This is basically just the definition of clickbait, or you could call it a bait and switch. You bring in someone to your video claiming there’s some kind of big change to Roblox or a Roblox game, but it’s a concept build, some rumor, or some combination of the two.

Here’s a prime example, and again it’s an Adopt Me! YouTuber. Prezley posted a video called, “IT’S HERE!! OCEAN EGG UPDATE in Adopt Me!! Prezley“. Now, if I read that title, I would think that Adopt Me! got an Ocean Egg update. That’s literally what it says. Well, that is not what happened. The video is just Prezley running around in someone’s concept game of Adopt Me! that has been flooded with water and has pets that they would like to see. This is complete and utter clickbait, and is basically just a flat out lie.

There’s no issue with having a video about a concept of what Adopt Me! could do with an Ocean Egg, but that title wouldn’t get nearly the amount of views and clicks as a video that is claiming that Adopt Me! had an Ocean Egg update.

You might take a look at that video and wonder, why does it have so many likes? Well, that’s because he’s doing a giveaway! You can subscribe to the channel, comment on the video, share with friends, and you will get a chance to win some Robux when he hits 700,000 subscribers. That’s at some point in the future, because we don’t know when that will be. That might never even happen!

Other Bad Roblox YouTuber Behavior

Here are a few of the ways you can tell if the Roblox YouTuber you’re watching is using tricky tactics to gain clicks, likes, and subscribers.

Introduction tries to scare you into liking the video

If any video starts with a scary looking spider, tells you that your account will be banned, or you will get bad luck if you don’t like the video in a certain amount of time, then you know you’re dealing with a bad YouTuber. This is an extremely lame way to try to scare kids into liking their video. Likes on YouTube videos will push them higher in searches, and will also increase the likelihood of their videos showing up in suggestions. Likes on YouTube videos are very important, so don’t give any video that has this style of introduction a like. Nothing bad will happen to you if you don’t like it! You will not lose your account, get bad luck, or find a spider under your bed.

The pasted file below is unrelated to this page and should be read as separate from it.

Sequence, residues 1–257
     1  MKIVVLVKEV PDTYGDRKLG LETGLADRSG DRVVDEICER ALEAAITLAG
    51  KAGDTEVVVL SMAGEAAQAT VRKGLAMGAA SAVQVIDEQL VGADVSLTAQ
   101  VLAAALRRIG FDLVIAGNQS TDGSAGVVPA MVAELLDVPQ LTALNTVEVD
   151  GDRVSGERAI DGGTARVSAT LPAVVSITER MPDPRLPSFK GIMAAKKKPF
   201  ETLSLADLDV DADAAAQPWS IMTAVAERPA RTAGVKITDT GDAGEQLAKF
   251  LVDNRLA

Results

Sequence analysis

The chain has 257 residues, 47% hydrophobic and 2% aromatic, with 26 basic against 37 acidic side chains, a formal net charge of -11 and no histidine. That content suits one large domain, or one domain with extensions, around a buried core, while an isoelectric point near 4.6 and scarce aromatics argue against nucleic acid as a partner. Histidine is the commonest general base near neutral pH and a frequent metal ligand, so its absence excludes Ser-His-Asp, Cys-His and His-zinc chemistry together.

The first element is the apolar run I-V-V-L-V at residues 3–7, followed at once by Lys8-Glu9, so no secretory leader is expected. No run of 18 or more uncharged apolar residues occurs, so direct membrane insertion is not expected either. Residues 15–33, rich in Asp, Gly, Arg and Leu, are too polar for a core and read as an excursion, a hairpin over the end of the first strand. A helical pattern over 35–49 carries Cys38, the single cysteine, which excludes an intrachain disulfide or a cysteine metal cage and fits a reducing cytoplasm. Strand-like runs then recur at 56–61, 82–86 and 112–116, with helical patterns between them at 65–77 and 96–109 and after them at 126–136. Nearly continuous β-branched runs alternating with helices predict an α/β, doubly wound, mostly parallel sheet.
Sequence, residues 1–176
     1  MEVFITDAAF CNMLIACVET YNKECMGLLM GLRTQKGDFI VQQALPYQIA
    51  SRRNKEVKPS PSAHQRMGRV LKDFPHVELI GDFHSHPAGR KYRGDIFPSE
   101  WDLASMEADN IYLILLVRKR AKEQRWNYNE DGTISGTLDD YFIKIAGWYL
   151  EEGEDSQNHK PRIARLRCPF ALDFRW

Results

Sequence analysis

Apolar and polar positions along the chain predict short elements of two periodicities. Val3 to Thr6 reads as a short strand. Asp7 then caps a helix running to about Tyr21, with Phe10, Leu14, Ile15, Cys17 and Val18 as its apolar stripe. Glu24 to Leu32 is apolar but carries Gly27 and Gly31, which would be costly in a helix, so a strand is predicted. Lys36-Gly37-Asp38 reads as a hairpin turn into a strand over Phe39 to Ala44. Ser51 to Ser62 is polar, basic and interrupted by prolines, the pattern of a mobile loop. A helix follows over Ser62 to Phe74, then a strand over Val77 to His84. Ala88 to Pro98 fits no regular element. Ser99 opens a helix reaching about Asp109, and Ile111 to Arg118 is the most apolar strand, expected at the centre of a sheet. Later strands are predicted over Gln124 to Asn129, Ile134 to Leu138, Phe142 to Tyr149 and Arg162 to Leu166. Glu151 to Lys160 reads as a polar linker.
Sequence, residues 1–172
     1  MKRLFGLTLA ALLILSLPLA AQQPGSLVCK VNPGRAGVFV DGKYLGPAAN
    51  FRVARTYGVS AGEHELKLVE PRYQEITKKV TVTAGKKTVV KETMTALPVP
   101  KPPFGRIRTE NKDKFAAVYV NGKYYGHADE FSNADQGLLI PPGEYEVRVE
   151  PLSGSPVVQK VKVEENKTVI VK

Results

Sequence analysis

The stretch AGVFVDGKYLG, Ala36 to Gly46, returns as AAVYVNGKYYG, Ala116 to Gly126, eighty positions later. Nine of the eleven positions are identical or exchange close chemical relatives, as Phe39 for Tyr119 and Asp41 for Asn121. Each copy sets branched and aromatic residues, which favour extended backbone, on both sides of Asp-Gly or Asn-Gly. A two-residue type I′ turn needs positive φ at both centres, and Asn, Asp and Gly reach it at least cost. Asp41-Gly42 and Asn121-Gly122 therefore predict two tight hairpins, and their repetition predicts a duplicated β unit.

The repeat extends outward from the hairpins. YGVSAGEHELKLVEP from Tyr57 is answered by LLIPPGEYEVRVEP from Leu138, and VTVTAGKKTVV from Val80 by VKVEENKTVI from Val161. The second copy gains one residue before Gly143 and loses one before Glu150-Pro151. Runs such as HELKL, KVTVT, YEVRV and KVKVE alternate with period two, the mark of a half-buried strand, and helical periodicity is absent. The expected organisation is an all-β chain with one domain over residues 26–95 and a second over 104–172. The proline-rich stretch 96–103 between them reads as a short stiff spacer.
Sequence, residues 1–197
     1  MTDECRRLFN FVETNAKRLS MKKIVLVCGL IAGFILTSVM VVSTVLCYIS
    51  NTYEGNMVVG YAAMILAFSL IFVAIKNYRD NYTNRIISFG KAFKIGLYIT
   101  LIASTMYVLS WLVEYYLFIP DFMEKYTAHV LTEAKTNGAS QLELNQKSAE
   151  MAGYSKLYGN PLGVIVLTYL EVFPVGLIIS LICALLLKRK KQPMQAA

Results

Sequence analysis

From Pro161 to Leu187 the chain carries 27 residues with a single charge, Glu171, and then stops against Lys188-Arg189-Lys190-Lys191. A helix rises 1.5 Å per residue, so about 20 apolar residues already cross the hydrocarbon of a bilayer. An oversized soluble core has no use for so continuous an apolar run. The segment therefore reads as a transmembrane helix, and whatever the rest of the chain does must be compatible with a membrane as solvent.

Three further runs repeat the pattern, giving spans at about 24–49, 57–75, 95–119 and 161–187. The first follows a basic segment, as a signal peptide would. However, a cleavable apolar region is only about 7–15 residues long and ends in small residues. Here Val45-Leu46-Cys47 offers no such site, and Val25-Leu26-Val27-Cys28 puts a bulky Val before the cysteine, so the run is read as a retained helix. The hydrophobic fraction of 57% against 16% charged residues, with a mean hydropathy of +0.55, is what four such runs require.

Very long introductions

This is a pretty common issue on videos that promote codes. The introduction is extremely long, and includes things like trying to scam you into clicking the like button, long intro animation, promotion for their group, and some form of giveaway that may or may not be real. These can last as long as two minutes! I have a policy where I usually skip at least one minute into a video, because most of the time I will have not missed anything of importance. If you have to sit through two minutes of promotion just to get to the point, then that is not a channel worth watching!

Fake Giveaways

A big way these clickbait YouTubers try to avoid dislikes and their videos getting no attention is to add giveaways. They request things like hitting the like button, subscribing, and adding a comment to the video with your username in it. While these can sometimes be real, you need to make sure they confirm that they have actually given away Robux. If there’s no proof of that and they don’t announce winners, then you can pretty much assume it’s fake.


Unfortunately, a lot of this type of behavior is rewarded. Each of the YouTubers I mentioned in this video has a Star Code. That allows Roblox players to enter in their name when they purchase Robux, and the Star Code holder will get a percentage of the money spent. My hope is that if you watch YouTube videos and see this type of thing happening, that you will now know why and can find creators who engage in good practices!